Deon Evans was tried and convicted of violating the Georgia Controlled Substances Act. He appeals the judgment of conviction following the denial of his motion for new trial.
1. Evans, who is black, contends the trial court erred in seating juror number seven, a white female, after his attorney articulated a reasonable race-neutral reason for striking the juror. We agree with Evans and reverse.
The record shows that Evans's attorney used a peremptory strike for juror number seven and the State made a "reverse Batson" 1
(Batson v. Kentucky, 476 U. S. 79 (106 SC 1712, 90 LE2d 69) (1986)) challenge. Evans's attorney responded that his reason for striking the juror was race-neutral and that he used the strike in order to get to individuals at the bottom of the jury list whom he thought would make good jurors.
In Gamble v. State, 257 Ga. 325 (357 SE2d 792) (1987)
, our Supreme Court held that "[t]he explanation for striking each . . . juror must be evaluated in light of the explanations offered for the . . . other peremptory strikes. . . ." Similarly, this court has held that although striking a particular juror in order to get to other jurors further down the list appears to be a race-neutral explanation, "only in the context of application can we determine whether such an explanation is in fact racially-neutral." Covin v. State, 215 Ga. App. 3
, 4 (449 SE2d 550
Thus, we examine the context in which the defense attorney attempted to strike juror number seven. The record shows that the attorney had already seated three black jurors and struck two white jurors. However, the court ruled and the State concedes that the articulated reasons for striking the two white jurors -- both jurors had been on the opposite side of the attorney in prior litigation -- were race-neutral. In addition, immediately prior to striking juror number seven, the defense seated juror number six, a white female.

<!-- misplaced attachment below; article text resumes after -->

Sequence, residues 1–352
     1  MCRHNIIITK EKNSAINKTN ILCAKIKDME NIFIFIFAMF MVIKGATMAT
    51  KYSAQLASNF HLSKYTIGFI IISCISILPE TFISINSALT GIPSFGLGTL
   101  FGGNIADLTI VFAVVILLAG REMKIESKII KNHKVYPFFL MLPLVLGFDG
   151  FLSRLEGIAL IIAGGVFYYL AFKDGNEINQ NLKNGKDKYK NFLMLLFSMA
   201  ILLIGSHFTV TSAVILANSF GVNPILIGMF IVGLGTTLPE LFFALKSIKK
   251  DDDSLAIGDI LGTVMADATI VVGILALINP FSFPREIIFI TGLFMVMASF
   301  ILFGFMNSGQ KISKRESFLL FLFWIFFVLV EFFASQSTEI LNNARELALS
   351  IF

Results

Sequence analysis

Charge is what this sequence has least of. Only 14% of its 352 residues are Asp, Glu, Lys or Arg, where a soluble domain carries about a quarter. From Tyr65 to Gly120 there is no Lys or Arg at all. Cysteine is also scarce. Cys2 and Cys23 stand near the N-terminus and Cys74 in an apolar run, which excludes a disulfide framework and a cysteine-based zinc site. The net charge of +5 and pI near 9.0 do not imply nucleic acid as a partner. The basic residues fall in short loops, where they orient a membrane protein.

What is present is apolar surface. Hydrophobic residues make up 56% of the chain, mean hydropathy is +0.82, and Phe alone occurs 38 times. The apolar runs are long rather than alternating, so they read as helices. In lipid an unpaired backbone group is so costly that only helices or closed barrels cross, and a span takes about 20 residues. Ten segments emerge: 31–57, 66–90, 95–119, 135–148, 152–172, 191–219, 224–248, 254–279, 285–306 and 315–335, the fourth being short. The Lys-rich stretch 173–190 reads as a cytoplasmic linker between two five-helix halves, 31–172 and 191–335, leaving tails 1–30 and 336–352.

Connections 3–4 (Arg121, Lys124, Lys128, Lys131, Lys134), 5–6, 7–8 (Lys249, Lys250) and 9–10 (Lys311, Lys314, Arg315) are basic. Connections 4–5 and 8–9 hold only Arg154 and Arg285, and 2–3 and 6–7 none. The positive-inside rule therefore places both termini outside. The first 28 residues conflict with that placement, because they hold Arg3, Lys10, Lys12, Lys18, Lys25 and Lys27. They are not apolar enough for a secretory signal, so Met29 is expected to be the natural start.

Evans's attorney explained that he struck juror number seven in order "to get to people at the bottom of the list that I think will be good jurors. And that causes me to exercise strikes early on. . . . It has nothing to do with the woman's race. I just sat a woman of approximately the same age and precisely the same race. . . ." In addition, the court later noted the defense had indicated that the two jurors further down on the list whom it wanted to reach were a white female and a black male.
Evans's attorney further stated that he might not have been forced to strike the juror if the court had opted to pass the jury list back and forth between the parties as is done in civil trials rather than requiring action on the jurors in the sequence they appeared on the jury list. That way, the parties could exercise their strikes randomly rather than being forced to exercise strikes in the order the names appeared on the list. It is not necessary to address the order in which jurors in criminal cases must be considered and struck inasmuch as it appears that Evans's reason for striking juror number seven was sufficient and that the trial court erred in ruling otherwise.
As we scrutinize the sufficiency of the reason offered by the attorney and the context in which the strike occurred, "we are [also] mindful that the explanation need not rise to the level justifying exercise of a challenge for cause, but it must be neutral, related to the case to be tried, and a clear and reasonably specific explanation of [the attorney's] legitimate reasons for exercising the challenges." (Citations and punctuation omitted.) Covin, supra at 4.
We find that defense counsel's explanation met all three of these criteria, but more importantly, viewed in context, the explanation was in fact race-neutral: The attorney had unquestionably race-neutral reasons for his prior strikes (see Gamble, supra), had just seated a white juror and was attempting to reach both a black and a white juror at the bottom of the list. Thus, we find that in the context of application, the attorney's proffered desire to get to other jurors was reasonable and race-neutral. Accordingly, under these particular facts, it was error for the trial court to seat juror number seven.
2. Given our holding in Division 1, we need not address Evans's remaining enumeration of error.
Joseph H. Briley, District Attorney, Wilson B. Mitcham, Jr., Assistant District Attorney, for appellee.